Some top athletes in our time, among them Pete Maravich, Hank Gathers, and Sergei Grinkov were in top physical condition, but perished at an early age because of long-standing coronary problems that went undetected. In some cases, well-conditioned athletes who act with unknown coronary problems, actually live years past the time when a non-athlete in the same condition would have lived.

By the time you reach your forties, and certainly mid-forties and fifties, heart disease becomes the leading cause of death. Heart disease is brought on by a variety of factors such as a sedentary lifestyle, smoking too much, experiencing too much stress, getting too little rest and so on. Curiously, as more women rise to higher and higher ranks within organizations, the risk of heart disease rises as well.

Surrounded By Workaholics?

Despite the well-known, high prevalence of stress and burnout in the contemporary working world, and the resulting dangers, some organizations still maintain a culture in which employees have it tougher than it needs to be. Too many managers have the misguided notion that only wimps are stressed. These are the same managers who tend to give out stress in abundance. If only they knew that stress is real, and exacts a cost on both individuals and the organization.

Someday, organizations will be held responsible, both socially and legally, for the mental health and well-being of their employees. Until that day, you’ll probably need to accept it as a given that if you want to flourish in an otherwise potentially stressful environment, there are not many places you can look for help. You’re going to have to help yourself.

Suppose you work with a boss who unduly heaps piles of stuff on your desk with little or short notice? What are some of the strategies you can employ to keep your job, maintain your relation with your boss, and yet not be overwhelmed?

When Your Boss Wants You to Be a Workaholic

With great tact and professionalism offer these words, “I’m really over-committed right now, and if I take that on, I can’t do it justice.” Other appropriate responses:

* “I appreciate your confidence in me. I wouldn’t want to take this on knowing my other tasks and responsibilities right now would prohibit me from doing a great job.”

* “I’d be happy to handle this assignment for you but realistically I can’t do it without foregoing some other things I’m working on. Of tasks a and b which would you like me to do? Which can I put aside?”

* “I can do that for you. Will it be okay if I get back to you in the middle of next week? I currently have blank, blank, and blank in the queue.”

* “The number of tasks and complexity of assignments I’m handling is mounting. Perhaps we could look at a two or four week scenario of what’s most important to you, and when the assignments need to be completed, versus what I can realistically handle over that time period.”

Flexibility Matters

All the while, stay as flexible as possible. Frequently, your responsibilities and assignments will change. Your ability to adapt to your boss’s needs will go a long way in helping you flourish at your position,  and diminish the feelings of being overwhelmed.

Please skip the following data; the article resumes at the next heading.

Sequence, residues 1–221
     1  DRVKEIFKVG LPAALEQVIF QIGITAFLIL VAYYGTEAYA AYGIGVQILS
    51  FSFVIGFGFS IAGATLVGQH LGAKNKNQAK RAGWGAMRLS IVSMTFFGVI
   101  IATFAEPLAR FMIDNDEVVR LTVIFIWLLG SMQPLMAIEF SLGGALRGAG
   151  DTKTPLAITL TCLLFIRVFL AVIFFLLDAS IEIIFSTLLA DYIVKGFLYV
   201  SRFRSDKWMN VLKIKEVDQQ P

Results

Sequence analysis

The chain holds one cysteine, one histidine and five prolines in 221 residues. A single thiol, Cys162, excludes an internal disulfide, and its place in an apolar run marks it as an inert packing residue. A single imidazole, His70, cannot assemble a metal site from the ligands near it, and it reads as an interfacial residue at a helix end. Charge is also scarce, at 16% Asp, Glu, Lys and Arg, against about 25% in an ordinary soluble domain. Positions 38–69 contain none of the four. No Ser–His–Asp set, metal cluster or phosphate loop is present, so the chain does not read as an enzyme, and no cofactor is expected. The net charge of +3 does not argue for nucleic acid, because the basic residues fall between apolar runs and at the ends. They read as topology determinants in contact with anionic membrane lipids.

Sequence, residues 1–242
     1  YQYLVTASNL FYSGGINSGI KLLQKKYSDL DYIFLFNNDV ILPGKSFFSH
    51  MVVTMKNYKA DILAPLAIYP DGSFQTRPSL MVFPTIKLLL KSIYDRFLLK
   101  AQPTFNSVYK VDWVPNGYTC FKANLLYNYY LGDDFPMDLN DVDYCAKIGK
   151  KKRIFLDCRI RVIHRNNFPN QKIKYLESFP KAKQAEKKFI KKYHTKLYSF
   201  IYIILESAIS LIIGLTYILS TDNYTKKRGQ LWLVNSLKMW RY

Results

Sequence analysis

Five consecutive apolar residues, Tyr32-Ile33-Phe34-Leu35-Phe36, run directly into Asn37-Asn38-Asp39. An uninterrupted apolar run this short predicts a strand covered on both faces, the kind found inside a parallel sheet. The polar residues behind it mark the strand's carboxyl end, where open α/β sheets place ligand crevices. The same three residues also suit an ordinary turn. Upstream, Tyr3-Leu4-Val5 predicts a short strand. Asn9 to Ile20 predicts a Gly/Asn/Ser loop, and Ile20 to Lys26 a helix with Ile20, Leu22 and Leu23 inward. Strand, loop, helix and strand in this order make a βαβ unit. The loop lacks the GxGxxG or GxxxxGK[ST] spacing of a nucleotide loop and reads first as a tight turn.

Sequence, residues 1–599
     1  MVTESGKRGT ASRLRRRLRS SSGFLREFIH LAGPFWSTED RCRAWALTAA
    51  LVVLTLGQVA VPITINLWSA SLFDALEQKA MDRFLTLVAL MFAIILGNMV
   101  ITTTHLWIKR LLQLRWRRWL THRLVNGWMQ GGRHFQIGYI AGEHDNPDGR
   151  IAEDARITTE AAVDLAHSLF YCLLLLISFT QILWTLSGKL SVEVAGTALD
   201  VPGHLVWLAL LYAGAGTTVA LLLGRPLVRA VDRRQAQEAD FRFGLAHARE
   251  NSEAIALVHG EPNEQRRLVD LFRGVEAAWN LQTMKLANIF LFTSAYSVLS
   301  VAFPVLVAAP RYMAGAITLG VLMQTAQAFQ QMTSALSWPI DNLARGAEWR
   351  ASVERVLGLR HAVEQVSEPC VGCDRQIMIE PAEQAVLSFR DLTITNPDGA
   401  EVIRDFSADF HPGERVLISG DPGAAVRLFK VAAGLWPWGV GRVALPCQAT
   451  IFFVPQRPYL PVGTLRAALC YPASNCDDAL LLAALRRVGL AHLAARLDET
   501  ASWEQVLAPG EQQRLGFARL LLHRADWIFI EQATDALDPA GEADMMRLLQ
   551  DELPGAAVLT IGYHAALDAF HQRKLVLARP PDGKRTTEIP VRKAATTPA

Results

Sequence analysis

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Life

130 Things for Which to Be Grateful

Whether it’s a person, object, form of entertainment, place, or concept, everyone can be grateful for many things

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I asked around and learned some of the things for which people express gratitude. Whether it’s a person, object, form of entertainment, place, or concept, everyone can be grateful for many things.

While some items on the list might not apply to you, most are items for which we can all be grateful at one time or another in our lives:

People & Relationships

Family
Friends
Good teachers
Role models
My boyfriend
My girlfriend

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My parents
My children
Babies
Siblings and cousins
Coaches
Mentors

Family reunions
Engagements and weddings
Pets
Nice wait staff
A kind landlord
High school reunion

Health

Generally good health
The ability to walk
Breathing
My genes
Good hearing and eyesight
A Sound Mind

Safety and Security

Police and Fire Departments
U.S. Military
National Weather Service
Freedom of the press
Freedom of religion
Domestic Privacy

Modern Luxuries

Clean water
Mouth wash
Cars
Public transportation
Air conditioning
Clothes that fit

Washers and dryers
Work at home jobs
Being employed
Book publishers
Financial aid
The ability to own property

Technology

GPS
DVR
Pandora
Computers
Smartphones
The Internet

iTunes
Powerpoint
Photographs

Entertainment

Movies
Broadway shows
ESPN and ESPN2
TV news
Learning Channel
History Channel

Fashion
“Retail therapy”
Xbox, Gameboy
Books
Concerts
Art

Sports

Running
Skiing
Rowing
College basketball
Tennis
Skating rinks

NHL
MLB
NBA
WNBA
Olympics
NFL

Foods

Good food
Mexican food
Sushi
Pizza Fruit
Ice cream
Crunchy peanut butter

Cream cheese
Beer
Tea
Chocolate
Asparagus
Miso soup

Places

The USA
National and state parks
Social scenes
Bars
Whole Foods, Earth Fair, and Trader Joe’s
Costco and Sam’s Club

Coffee shops
Public schools and universities
Swimming pools
The beach and mountains
Shopping malls
Cruise ships

Arboretums
Vancouver
Niagra Falls
NYC

Nature

Pretty weather
The arrival of spring
The arrival of fall
Thanksgiving
Freshly cut flowers
First snow

Concepts

Learning
Formal education
Lessons learned
Experiences
Respect
Ability to change